The last four chapters are reserved for the voices from the twentieth century. Chapter seven explores the "prophetic voices" in Hilda Doolittle's Trilogy penned down between the two world wars, in a troubled era marked by ruins, destruction, violence, and collapse, which are associated by the poet with patriarchal thought and divisions. Gorey reads H.D.'s Trilogy as "a critique of patriarchal myths, in particular the Greek myths", and shows how the poet "changes the focus of the traditional myths and sacred stories with the aim of giving voice to muted alternatives that have been presented as non-existent" (97). The prophetic voices in Trilogy, according to Gorey, form a "constant drift away from a male perspective and towards a female perspective" (112).
Chapter eight concentrates on Ted Hudges' Birthday Letters, a testimonial narrative of memoir through which the poet comes to terms with the spectral memories of his wife, Sylvia Plath. The dialogue between the male poet's speaking voice and the female poet's long gone, silenced voice is interpreted by Gorey as a partial manifestation of voices which gives the reader "a sense of listening it on one side of a telephone conversation" in which the male poet's voice "is the one audible to the reader" (116). In this mnemonic dialogue, the "elegiac voice of memory" in Hughes' volume is inferred as a narratological agent that challenges "Plath's mournful and violent poetry" (125).
The last two chapters address the multiplicity of voices with a central focus on the juxtaposition of race and femininity. Chapter nine on Jackie Kay's The Adoption Papers, argues that the three individual female voices in the text--the adopted daughter, birth mother, and adoptive mother--"merge into one consciousness at times to represent the ambivalence in the engagement with the maternal" and that "individual stories of loss, anxiety, and grief [...] contribute to a more general portrait of a particular community, that of the marginalized women" (132). The voices of three traumatic experiences that revolve around maternal concerns are shown to form a "communal narrative" of multiple voices that spell out a collective consciousness of marginality. Gorey's exploration of unity within multiplicity in this chapter is nicely contrasted to the next and last chapter's illustration of multiplicity of voices within a singular, individual consciousness. The last chapter on Evaristo's The Emperor's Babe takes the "engaging narrator/voice" as the condensing lens of analysis, and traces the protagonist's quest for a "true voice" in order to problematize the subaltern burden of not being able to speak in Spivak's terms. Gorey also shows how focalization is employed by Evaristo to provide readers with "unguarded" glimpses into the "dark corners of the protagonist's mind" (153,154).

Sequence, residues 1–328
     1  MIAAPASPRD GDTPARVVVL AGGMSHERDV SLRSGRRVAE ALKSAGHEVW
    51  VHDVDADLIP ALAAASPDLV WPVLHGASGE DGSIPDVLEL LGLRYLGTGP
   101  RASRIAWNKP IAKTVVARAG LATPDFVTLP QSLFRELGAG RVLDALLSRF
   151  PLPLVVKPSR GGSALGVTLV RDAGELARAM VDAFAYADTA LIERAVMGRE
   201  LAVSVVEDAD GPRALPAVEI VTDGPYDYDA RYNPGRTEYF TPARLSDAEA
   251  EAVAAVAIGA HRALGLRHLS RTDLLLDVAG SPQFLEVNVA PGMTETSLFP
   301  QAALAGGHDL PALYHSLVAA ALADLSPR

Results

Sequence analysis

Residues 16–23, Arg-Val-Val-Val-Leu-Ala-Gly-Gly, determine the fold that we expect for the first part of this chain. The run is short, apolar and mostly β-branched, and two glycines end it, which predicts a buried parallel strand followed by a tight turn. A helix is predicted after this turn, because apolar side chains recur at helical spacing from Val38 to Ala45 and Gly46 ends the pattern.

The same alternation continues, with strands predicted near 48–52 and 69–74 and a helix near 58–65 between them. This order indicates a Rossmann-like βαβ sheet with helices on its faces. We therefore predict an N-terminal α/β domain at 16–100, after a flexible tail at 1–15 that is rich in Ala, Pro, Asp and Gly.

Presenting a selected critical survey of English narrative poetry from the Renaissance to the twentieth century, namely from the onset of modernity to postmodernity, the book remarkably manifests how the Western historical and cultural process continued as a constant critical response to, and dialogue with, tradition or received narratological codes and strategies. With highlighted reference to "Babel", an ancient symbol of multiplicity, human will and anarchy, or crime and punishment, Gorey's book rereads mainstream texts as diaologic battlegrounds of manipulating and manipulated voices through a fresh lens of narratology. The book is furnished with a satisfactory bibliography, but lacks an index, which may be justifiable given that the author concentrates on close analytical readings of individual texts and is less interested in pursuing a conceptual debate on narratology on a theoretical scale. It is to Gorey's credit that she addresses the manipulative aspect of voice(s) in selected verse narratives through an outstanding diversity of themes and focal issues. On the whole, the rich and meticulous content of the book and the lucidity of style and language promise readers an intellectually satisfying and inspiring reading experience.
Bal, Mieke. Narratology: Introduction to the Theory of Narrative. Toronto: U of Toronto P, 2009.
Currie, Mark. Postmodern Narrative Theory. New York: Palgrave, 1998.
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|Article Type:||Book review|
|Date:||Mar 10, 2018|